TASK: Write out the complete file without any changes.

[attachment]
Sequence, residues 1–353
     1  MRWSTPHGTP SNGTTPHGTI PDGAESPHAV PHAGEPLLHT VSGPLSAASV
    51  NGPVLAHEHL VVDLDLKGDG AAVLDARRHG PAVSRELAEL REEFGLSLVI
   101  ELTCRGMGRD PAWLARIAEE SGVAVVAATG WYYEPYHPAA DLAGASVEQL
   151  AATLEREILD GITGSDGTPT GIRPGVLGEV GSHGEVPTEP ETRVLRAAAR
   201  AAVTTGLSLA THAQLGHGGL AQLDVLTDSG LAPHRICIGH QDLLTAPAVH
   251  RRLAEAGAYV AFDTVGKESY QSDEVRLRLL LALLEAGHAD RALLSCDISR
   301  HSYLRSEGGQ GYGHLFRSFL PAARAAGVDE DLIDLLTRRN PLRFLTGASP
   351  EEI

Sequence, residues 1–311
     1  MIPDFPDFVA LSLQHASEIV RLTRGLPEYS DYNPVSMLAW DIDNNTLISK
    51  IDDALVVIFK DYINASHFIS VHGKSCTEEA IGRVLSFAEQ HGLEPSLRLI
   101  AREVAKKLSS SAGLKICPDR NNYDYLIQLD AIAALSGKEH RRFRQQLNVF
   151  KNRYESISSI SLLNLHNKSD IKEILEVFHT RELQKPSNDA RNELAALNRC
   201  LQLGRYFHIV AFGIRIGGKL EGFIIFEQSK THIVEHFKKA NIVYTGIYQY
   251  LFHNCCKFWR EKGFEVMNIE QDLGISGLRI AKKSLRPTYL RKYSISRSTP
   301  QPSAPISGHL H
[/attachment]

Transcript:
Sequence, residues 1–353
     1  MRWSTPHGTP SNGTTPHGTI PDGAESPHAV PHAGEPLLHT VSGPLSAASV
    51  NGPVLAHEHL VVDLDLKGDG AAVLDARRHG PAVSRELAEL REEFGLSLVI
   101  ELTCRGMGRD PAWLARIAEE SGVAVVAATG WYYEPYHPAA DLAGASVEQL
   151  AATLEREILD GITGSDGTPT GIRPGVLGEV GSHGEVPTEP ETRVLRAAAR
   201  AAVTTGLSLA THAQLGHGGL AQLDVLTDSG LAPHRICIGH QDLLTAPAVH
   251  RRLAEAGAYV AFDTVGKESY QSDEVRLRLL LALLEAGHAD RALLSCDISR
   301  HSYLRSEGGQ GYGHLFRSFL PAARAAGVDE DLIDLLTRRN PLRFLTGASP
   351  EEI

Sequence, residues 1–311
     1  MIPDFPDFVA LSLQHASEIV RLTRGLPEYS DYNPVSMLAW DIDNNTLISK
    51  IDDALVVIFK DYINASHFIS VHGKSCTEEA IGRVLSFAEQ HGLEPSLRLI
   101  AREVAKKLSS SAGLKICPDR NNYDYLIQLD AIAALSGKEH RRFRQQLNVF
   151  KNRYESISSI SLLNLHNKSD IKEILEVFHT RELQKPSNDA RNELAALNRC
   201  LQLGRYFHIV AFGIRIGGKL EGFIIFEQSK THIVEHFKKA NIVYTGIYQY
   251  LFHNCCKFWR EKGFEVMNIE QDLGISGLRI AKKSLRPTYL RKYSISRSTP
   301  QPSAPISGHL H